Durham gives first-time offenders second chance
Posted October 23, 2013
Durham, N.C. — A recent drug sting in Durham put nearly two dozen suspected drug dealers behind bars, but as police were rounding up criminals, they gave seven an alternative to jail.
Durham police say 28 people were caught selling drugs during an operation where officers made undercover buys, but Assistant Police Chief Jon Peter said investigators researched the backgrounds of each and found seven had no previous criminal history.
"We felt they deserved a second chance," Peter said. "They don't go to jail, they don't have a felony arrest and they are provided some resources."
Gudrun Parmer, director of the Criminal Justice Resource Center, which offers job, education and drug assistance, said two of the seven have already met with him.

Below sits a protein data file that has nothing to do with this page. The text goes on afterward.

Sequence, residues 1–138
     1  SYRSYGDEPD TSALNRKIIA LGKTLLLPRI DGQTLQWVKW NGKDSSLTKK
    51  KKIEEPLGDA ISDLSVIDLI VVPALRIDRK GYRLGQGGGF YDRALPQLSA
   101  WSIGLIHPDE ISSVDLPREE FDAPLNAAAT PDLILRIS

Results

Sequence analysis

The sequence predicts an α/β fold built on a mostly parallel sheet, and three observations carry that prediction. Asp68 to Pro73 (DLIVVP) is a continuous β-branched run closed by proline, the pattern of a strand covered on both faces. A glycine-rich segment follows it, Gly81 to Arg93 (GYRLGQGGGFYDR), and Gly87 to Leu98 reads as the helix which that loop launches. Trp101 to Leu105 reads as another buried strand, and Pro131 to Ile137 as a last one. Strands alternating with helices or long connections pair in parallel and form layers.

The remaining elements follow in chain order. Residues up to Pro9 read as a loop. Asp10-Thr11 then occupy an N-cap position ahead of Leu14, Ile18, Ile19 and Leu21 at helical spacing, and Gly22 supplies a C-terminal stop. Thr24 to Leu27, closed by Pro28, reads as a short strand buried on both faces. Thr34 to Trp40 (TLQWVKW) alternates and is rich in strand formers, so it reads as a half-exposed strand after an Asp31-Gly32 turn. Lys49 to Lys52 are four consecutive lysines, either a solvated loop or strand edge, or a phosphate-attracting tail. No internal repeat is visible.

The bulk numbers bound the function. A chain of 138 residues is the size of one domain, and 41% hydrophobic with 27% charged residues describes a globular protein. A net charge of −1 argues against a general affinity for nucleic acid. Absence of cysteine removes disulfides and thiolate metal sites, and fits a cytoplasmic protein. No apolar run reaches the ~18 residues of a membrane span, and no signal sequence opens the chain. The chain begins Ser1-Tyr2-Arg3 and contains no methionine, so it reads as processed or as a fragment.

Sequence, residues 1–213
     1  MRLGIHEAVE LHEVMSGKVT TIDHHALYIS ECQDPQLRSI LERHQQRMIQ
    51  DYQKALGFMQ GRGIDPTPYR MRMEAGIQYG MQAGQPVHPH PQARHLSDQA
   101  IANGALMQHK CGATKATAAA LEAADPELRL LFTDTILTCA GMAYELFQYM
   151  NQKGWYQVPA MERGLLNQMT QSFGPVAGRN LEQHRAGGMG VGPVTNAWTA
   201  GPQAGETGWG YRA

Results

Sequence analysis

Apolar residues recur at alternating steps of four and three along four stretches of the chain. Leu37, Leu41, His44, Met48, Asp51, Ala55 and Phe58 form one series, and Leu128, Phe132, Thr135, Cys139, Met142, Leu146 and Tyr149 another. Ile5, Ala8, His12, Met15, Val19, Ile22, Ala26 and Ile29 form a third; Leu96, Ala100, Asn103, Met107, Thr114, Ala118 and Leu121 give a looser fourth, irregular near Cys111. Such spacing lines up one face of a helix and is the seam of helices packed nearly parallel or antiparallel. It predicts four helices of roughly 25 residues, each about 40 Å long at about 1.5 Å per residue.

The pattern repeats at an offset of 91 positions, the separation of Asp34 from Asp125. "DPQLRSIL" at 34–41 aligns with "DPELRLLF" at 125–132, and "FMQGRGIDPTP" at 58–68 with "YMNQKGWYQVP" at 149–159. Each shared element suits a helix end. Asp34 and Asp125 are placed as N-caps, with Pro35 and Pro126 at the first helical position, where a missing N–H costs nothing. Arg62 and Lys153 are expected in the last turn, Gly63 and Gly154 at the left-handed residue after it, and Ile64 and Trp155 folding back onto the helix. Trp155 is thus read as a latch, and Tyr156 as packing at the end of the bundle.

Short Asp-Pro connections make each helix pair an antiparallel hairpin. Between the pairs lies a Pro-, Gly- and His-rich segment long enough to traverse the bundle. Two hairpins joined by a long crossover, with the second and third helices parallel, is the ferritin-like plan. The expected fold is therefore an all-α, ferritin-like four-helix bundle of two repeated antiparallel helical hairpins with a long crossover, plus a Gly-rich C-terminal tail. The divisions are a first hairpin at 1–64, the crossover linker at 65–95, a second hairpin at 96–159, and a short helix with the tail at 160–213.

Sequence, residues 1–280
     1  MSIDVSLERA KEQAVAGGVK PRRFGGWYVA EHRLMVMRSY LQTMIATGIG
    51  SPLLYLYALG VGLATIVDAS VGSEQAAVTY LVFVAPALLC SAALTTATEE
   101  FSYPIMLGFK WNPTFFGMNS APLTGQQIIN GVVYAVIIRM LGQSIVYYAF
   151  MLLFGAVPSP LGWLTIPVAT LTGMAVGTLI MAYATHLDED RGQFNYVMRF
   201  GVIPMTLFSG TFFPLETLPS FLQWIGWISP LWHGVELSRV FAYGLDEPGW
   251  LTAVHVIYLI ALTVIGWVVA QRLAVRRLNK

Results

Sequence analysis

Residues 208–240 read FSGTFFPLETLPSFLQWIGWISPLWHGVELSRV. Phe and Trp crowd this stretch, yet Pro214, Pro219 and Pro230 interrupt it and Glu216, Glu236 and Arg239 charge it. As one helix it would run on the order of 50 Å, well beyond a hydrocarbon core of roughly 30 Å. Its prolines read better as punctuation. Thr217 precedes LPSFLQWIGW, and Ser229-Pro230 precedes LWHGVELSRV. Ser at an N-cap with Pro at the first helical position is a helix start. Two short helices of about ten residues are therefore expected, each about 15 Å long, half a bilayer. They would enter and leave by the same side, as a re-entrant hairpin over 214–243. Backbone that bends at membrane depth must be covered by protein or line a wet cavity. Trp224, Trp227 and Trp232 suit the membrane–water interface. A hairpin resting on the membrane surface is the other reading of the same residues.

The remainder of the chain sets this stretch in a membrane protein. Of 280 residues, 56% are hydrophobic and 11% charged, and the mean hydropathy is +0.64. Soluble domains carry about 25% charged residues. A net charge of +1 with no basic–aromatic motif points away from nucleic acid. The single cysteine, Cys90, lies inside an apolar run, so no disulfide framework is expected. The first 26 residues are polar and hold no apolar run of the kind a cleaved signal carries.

When plausible, giving people an alternative to jail is a great strategy, Parmer said.
"When someone has a criminal record, it can be very detrimental to their chances of being employed, finding housing and even going to school," she said.
If the seven avoid any other drug-related or violent offenses for a year, their record will remain clean, and they'll spend no time behind bars. If any are arrested on another felony or serious misdemeanor charge in the next year, the charges from the drug operation will be activated.
At $98 a day to house each inmate in the Durham County jail, Peter said it's worth the effort to keep them out.
"If they're not a violent felon, it's worth giving them a chance," he said. "If they are a violent felon, we'll see them again, and if they change their ways, we have much less of an expense and burden on the community."